I figured that if I was going to be exploited, there was no reason I had to be quiet about it.

One night, Branford – who at least back then was a devious sort of fellow – switched the valves on Clark’s trumpet in between sets. But Clark was such a great trumpet player, he somehow managed to keep playing (I’m sure it required an effort worthy of Hercules).

Another time, Branford and I conspired to play a trick on the vocalist in the band. She was featured on “A Tisket, A Tasket”, made famous by Ella Fitzgerald, and after she sang the opening melody, it was Branford’s turn to solo. But we decided to change things up a bit. Branford stood up to play, and sort of mimed as if he was playing a solo, but I had the microphone passed down my way. The sounds that emanated from my horn would have made Albert Ayler sound like Jelly Roll Morton. The vocalist looked back in horror as Branford tried to keep from falling over with laughter.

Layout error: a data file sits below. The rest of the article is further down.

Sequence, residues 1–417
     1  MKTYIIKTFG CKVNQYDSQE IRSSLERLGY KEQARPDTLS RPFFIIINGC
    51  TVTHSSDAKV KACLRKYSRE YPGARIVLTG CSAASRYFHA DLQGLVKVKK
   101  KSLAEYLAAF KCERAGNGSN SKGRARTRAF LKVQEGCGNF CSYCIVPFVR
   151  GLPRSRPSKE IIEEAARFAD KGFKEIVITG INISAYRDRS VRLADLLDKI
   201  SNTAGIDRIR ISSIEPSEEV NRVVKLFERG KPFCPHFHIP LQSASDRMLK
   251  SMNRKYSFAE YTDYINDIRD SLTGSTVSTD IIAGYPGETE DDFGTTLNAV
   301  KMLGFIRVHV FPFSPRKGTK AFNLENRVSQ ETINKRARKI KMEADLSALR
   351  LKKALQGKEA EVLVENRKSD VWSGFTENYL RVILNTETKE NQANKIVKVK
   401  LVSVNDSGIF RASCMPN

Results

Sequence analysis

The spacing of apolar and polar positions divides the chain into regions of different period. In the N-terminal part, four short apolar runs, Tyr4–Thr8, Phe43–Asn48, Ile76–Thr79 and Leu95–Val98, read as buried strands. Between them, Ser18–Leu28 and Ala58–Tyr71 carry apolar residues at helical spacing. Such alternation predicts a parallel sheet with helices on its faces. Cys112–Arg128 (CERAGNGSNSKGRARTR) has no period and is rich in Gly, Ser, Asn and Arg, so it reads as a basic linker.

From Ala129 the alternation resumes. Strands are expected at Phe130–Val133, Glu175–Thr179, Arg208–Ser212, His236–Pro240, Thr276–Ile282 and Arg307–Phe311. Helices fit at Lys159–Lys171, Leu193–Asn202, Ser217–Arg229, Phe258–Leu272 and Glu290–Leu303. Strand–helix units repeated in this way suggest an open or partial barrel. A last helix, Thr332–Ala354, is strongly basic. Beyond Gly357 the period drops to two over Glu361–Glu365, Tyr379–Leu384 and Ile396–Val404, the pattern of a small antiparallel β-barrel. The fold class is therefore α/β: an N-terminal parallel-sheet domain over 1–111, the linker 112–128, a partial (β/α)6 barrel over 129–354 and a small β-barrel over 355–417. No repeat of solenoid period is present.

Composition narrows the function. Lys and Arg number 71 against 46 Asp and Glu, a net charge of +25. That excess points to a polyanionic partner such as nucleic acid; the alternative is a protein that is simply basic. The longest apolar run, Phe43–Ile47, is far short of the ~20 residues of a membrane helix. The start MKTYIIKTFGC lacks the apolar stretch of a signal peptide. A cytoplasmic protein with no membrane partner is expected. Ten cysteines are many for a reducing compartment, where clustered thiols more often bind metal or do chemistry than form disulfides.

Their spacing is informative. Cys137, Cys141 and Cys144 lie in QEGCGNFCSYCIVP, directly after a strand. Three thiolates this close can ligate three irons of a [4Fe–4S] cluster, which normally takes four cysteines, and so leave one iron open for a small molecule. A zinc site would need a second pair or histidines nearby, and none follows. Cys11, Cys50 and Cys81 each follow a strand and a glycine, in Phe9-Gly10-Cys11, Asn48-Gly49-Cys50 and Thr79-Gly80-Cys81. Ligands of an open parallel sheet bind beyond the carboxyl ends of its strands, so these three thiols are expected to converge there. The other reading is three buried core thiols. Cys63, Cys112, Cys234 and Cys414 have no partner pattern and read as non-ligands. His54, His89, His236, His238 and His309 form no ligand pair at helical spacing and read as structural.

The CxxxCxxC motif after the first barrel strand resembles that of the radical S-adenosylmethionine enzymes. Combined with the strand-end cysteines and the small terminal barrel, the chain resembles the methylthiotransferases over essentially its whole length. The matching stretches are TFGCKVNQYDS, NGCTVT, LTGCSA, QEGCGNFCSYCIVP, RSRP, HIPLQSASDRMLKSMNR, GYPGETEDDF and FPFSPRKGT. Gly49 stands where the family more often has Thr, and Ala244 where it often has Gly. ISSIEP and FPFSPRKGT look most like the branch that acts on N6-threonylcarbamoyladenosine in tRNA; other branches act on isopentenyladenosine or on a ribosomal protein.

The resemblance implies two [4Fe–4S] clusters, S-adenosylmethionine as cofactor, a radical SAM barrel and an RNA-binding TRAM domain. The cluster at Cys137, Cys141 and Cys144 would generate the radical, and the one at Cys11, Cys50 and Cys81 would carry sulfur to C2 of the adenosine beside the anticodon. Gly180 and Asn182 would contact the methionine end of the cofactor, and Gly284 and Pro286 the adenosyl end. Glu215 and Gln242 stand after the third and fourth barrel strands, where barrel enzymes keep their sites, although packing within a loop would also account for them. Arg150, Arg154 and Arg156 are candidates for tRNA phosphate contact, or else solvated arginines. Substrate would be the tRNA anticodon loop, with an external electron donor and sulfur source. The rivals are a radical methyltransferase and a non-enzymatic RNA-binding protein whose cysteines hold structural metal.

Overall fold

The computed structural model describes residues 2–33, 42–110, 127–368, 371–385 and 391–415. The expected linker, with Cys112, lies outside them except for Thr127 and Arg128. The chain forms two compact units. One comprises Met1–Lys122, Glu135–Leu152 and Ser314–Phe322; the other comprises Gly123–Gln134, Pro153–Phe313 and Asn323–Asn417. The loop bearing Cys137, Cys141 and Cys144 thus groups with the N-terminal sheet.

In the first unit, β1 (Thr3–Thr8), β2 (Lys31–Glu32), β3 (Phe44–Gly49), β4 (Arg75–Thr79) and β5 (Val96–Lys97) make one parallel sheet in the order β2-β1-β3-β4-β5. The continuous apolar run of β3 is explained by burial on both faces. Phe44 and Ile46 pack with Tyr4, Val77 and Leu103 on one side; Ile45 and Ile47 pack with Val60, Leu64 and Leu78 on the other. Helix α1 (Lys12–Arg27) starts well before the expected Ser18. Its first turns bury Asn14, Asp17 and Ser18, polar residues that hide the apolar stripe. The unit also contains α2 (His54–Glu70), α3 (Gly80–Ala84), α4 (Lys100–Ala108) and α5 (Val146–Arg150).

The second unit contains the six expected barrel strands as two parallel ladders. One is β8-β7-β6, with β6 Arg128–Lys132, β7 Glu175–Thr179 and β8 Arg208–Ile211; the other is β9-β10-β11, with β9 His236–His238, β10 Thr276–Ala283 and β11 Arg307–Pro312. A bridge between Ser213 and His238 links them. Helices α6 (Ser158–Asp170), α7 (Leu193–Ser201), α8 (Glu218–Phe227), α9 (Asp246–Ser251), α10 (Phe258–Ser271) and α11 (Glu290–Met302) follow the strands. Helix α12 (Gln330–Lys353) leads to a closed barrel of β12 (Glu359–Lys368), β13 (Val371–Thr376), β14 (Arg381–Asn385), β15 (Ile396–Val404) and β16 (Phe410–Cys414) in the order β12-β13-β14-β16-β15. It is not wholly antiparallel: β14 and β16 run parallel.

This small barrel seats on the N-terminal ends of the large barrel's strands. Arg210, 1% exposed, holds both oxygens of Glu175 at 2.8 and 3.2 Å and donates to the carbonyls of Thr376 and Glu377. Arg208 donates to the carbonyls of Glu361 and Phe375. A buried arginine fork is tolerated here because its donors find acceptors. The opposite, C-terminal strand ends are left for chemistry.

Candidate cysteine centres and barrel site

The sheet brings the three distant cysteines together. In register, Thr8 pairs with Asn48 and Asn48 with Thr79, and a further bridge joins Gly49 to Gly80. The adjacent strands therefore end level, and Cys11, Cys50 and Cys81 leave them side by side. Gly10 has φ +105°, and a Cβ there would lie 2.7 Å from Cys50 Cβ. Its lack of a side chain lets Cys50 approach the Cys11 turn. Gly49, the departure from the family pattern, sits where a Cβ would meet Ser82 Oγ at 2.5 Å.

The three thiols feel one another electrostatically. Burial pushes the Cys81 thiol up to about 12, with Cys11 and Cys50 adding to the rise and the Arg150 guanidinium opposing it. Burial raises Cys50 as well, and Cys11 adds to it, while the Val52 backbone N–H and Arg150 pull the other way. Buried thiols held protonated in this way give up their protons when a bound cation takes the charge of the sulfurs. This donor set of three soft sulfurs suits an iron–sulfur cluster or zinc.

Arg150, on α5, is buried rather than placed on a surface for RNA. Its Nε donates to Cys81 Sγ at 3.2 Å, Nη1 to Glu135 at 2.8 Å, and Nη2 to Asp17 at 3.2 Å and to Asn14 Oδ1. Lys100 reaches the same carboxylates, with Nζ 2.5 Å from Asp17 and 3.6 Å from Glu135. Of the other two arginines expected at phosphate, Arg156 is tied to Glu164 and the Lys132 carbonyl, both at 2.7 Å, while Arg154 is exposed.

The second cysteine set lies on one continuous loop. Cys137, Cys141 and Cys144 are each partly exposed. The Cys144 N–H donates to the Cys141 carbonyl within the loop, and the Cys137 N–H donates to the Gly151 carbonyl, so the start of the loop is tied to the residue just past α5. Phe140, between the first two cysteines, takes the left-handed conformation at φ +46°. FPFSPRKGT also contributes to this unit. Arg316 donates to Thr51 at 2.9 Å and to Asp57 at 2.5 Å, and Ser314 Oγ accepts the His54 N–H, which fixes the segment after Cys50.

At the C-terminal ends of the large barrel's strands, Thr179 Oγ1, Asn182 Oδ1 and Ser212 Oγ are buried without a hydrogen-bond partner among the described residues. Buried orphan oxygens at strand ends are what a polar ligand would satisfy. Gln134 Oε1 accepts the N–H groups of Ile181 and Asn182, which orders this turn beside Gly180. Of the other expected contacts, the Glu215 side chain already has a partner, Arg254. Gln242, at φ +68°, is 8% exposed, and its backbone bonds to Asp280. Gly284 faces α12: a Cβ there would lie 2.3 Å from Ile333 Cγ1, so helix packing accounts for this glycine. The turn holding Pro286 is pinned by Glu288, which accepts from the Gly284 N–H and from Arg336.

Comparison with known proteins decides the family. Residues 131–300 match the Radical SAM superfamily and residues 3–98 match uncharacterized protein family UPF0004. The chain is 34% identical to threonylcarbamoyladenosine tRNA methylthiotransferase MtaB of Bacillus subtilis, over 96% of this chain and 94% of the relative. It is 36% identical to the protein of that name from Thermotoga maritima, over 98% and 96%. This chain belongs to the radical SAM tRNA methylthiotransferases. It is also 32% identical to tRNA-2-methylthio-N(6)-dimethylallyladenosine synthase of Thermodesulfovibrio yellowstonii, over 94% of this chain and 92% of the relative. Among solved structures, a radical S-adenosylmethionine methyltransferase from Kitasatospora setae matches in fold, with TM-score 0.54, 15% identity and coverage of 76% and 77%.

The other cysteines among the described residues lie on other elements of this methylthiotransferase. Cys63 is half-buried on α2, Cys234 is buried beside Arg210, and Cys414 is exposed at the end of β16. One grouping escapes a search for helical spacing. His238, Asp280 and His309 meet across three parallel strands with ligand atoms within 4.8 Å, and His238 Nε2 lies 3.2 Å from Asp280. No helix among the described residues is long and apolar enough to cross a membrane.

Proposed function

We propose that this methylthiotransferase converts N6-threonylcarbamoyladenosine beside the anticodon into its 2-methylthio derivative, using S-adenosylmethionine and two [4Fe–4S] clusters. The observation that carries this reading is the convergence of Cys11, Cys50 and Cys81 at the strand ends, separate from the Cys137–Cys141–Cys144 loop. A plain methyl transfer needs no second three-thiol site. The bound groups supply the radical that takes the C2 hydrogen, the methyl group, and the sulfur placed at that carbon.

Ahh..the Baptism of the Road.

Dizzy Gillespie

In 1988, I got word that Dizzy Gillespie was organizing a big band tour. One of the saxophonists who did the same tour in 1987 and was slated to do it in 1988 – had an opportunity to join a different ensemble that would give him more solo space. This created an opening in Dizzy’s band, and I sent a package to the musical director.

That guy threw my package into the large and ever-growing pile of packages that he had already received, never opening it. Rather than listening to them, he simply called George Coleman for a recommendation. George mentioned my name, and the guy said, “Yeah, I’ve got a package here from Ned Otter”. George suggested that he listen to what I’d sent, and if he liked what he heard, to give me a call.

I was very fortunate to be able to play with Dizzy Gillespie on that tour in 1988. We played Carnegie Hall in New York, Albert Hall in London, massive amphitheatres all throughout Europe, and even went to Istanbul. I am greatly indebted to George for referring me.